The commitment that 21st century Jews make to the life of mitzvah is decidedly countercultural.
We moderns are raised to prize autonomy, resist authority, and jealously guard options. Commandment and obligation seem antithetical to personal freedom—and many contemporary Americans approach them warily. Jews are not immune to this tendency. Sociologist Steven M. Cohen and I heard numerous unsolicited protestations from “sovereign selves” in the course of doing research for our book, The Jew Within. “No one can tell me what to do as a Jew.” “I elect to observe Judaism as I elect to observe it.” Sovereign selves believe they have a right to exercise such choice when it comes to Jewish observance and commitment. In their eyes, it would be wrong not to do so: they would be “dishonest” or “inauthentic” if they engaged in any practice that is not personally meaningful at the moment they perform it. Each mitzvah—far from being obligatory, part of a larger pattern to which they are pledged—must, as it were, make the case for its own observance, every time.
Most Conservative Jews understand this. They recognize that partnership in the Sinai Covenant entails a thoroughgoing discipline of practice; an all-embracing way rather than a set of discrete “good deeds.” I think they have learned from experience that mitzvah—because it is comprehensive—provides a wholeness to life that would otherwise be unavailable. How we eat is connected to the rhythm of the week and the year; how we learn Torah is inseparable from the good we try to do in the world; all of these flow to and from encounter with God, however one thinks about and tries to serve God or the Ultimate Truth of existence. A great many Conservative Jews resolutely take the “leap of action” to mitzvah and by doing so acquire the gift of wholeness to life. At least as many aspire to do so, or to do so more often.
We all know that more than duty alone inspires Jews to make sacrifices on behalf of Israel or to devote hours beyond number to service of synagogues, schools, Federations, or other causes. Belief in revelation at Sinai is also not what drives most Jews, most of the time, to undertake those responsibilities. We do such things—and take on many other mitzvot—because we are grateful for the life that Torah makes possible, thankful that we have resources that we can share, pleased we have the chance to give back to our community, loyal to the ways of parents or grandparents. The combinations of motive are many and not always well-understood. Some Jews act in obedience to God. Some heed conscience. Others believe that God speaks to them through conscience—or in the voice of the community. All find meaning and joy in a life governed by Torah. That is why commandment is not an adequate translation of mitzvah, any more than good deed captures the matter. Mitzvah means so much more than either of these. It is, like Torah itself, a pattern, an ennobling source of wholeness, a way.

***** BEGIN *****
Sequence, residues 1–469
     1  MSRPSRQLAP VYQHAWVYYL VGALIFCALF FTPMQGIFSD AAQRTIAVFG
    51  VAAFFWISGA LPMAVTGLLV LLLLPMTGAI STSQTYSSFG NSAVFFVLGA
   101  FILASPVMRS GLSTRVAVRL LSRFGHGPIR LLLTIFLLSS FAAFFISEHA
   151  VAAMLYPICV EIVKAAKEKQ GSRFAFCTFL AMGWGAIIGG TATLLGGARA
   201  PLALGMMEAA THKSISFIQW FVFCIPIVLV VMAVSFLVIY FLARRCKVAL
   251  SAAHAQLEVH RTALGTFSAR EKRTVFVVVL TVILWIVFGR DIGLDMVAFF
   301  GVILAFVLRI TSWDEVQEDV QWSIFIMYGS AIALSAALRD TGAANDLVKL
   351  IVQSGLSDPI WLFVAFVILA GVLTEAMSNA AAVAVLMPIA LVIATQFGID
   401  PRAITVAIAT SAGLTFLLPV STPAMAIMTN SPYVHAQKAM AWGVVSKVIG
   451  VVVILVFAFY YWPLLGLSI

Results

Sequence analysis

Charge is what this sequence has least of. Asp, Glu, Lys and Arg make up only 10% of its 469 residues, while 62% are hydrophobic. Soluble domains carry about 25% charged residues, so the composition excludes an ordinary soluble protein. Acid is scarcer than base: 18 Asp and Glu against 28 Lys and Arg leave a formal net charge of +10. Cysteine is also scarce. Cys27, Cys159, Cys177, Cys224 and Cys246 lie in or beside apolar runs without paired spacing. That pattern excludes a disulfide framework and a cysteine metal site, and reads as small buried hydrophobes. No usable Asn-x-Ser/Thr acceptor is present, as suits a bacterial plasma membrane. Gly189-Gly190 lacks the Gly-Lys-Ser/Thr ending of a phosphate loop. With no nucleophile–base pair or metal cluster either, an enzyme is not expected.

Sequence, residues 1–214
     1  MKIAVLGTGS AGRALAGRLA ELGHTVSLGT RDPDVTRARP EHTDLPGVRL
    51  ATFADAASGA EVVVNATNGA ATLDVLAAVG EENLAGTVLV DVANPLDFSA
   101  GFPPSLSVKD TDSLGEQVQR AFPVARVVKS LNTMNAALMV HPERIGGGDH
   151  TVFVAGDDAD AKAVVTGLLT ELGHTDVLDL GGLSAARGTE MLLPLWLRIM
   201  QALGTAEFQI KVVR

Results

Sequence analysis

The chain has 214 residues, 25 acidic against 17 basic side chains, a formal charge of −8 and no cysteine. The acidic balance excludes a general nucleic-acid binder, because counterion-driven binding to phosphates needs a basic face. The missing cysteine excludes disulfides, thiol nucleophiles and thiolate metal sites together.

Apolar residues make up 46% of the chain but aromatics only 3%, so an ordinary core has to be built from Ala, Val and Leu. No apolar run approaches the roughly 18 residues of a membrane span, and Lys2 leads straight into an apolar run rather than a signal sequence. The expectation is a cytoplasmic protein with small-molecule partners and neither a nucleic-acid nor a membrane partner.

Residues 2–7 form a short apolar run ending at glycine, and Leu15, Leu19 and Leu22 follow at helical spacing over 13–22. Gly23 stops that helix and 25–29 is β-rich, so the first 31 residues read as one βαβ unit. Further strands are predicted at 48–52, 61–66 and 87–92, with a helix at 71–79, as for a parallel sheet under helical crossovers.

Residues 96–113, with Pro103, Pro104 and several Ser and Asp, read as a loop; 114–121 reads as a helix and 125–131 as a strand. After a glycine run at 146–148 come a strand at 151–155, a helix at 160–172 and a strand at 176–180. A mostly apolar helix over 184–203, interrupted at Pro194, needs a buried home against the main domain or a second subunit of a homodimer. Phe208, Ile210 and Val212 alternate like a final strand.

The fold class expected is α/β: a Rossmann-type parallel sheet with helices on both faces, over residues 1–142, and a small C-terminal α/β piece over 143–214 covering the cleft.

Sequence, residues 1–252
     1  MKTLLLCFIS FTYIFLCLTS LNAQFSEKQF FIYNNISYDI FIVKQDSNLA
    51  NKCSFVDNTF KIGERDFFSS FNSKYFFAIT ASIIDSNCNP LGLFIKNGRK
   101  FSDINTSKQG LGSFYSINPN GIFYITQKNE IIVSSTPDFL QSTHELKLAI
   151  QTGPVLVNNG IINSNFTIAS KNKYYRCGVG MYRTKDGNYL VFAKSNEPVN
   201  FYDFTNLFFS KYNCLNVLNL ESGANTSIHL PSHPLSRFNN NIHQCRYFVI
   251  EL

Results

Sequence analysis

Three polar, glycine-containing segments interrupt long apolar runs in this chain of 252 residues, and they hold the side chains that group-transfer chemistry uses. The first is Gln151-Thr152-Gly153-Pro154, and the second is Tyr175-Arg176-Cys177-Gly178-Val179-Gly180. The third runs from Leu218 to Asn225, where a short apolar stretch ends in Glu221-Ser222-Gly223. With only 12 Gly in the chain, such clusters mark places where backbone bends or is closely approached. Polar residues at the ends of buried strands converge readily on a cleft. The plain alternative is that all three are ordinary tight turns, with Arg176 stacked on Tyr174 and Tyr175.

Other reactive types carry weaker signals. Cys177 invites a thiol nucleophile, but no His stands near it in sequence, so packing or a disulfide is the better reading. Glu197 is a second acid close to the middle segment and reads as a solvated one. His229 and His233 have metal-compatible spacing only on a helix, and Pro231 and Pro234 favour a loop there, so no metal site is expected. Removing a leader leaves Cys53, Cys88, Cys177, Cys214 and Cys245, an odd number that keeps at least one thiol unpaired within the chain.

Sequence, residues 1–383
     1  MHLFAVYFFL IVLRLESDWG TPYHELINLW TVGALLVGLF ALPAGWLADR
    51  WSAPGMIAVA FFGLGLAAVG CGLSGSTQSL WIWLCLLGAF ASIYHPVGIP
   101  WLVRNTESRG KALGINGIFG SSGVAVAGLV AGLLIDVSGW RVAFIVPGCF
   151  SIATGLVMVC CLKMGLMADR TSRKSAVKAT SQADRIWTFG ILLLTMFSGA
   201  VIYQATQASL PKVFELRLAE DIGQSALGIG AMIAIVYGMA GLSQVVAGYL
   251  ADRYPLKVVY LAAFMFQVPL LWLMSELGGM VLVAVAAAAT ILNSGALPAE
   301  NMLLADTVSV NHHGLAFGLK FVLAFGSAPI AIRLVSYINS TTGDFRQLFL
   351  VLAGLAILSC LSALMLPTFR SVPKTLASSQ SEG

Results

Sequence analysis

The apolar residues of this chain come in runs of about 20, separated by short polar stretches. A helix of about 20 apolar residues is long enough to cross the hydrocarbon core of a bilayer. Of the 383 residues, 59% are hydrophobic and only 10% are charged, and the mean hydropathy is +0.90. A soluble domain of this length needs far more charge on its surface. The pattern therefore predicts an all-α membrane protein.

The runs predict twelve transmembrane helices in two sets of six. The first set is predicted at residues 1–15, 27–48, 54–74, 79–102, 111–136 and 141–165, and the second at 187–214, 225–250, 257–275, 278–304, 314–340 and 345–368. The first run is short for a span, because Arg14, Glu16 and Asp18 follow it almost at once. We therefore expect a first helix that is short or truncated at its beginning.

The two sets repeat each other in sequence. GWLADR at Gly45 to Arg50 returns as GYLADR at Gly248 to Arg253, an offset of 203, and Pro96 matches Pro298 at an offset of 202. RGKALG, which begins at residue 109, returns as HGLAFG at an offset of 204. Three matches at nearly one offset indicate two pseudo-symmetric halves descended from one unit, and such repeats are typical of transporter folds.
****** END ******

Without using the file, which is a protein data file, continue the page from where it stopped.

What is distinctively Conservative in this understanding of mitzvah? How shall we increase performance of mitzvot among Conservative Jews? These questions are the subjects of next week’s post. Print This Essay
"Most Conservative/Masorti Jews don’t believe in a God who verbally commands orders, but many do recognize that the mitzvot connect them to the divine. Most Conservative Jews, when they light Shabbat candles, or eat a kosher meal, or contribute tzedakah or feed the hungry, do celebrate that they are linking themselves to something beyond themselves—God, Jewish values, creation as a whole, holiness." Read More »
"In Commentary’s 1966 publication entitled “The Condition of Jewish Belief”, then-JTS Professor Seymour Siegel wrote, "In a real sense the halakha is constantly reevaluated by the aggada" (225). Read More »
"As a 21st-century American I, too, “prize autonomy, resist authority, and jealously guard options.” And for me, too, “commandment and obligation seem antithetical to personal freedom.” But, as a 21st-century American, I also know that I am bound by American law, and that American law is determined by a legal system that obligates me even though it often restricts my personal freedom. Recognizing this obligation regularly pushes me to attempt to understand and appreciate the underpinnings of the laws that bind me, so that my observance of them becomes more than blind obedience, but I also understand that my inability to do so, and even my disagreement with those underpinnings when I do understand them, do not entitle me to ignore or violate what the law demands of me. That is ultimately what it means to be bound by a legal system." Read More »
"I recently moved out of my Upper West Side JTS apartment, and while the movers (one of whom is a practicing/believing Christian and one of whom has left Christianity for “logic and secular ethics”) and I were taking a break from lugging boxes of books to the moving van, we started schmoozing about the place of religion in contemporary America. I tried to make the argument that while secular society has produced many great ideas and institutions, the Jewish tradition, along with other religious traditions, provides its adherents with ongoing, deep conversations. These conversations often transcend nation, language and culture, and challenge us to refine—both morally and spiritually—every part of our lives." Read More »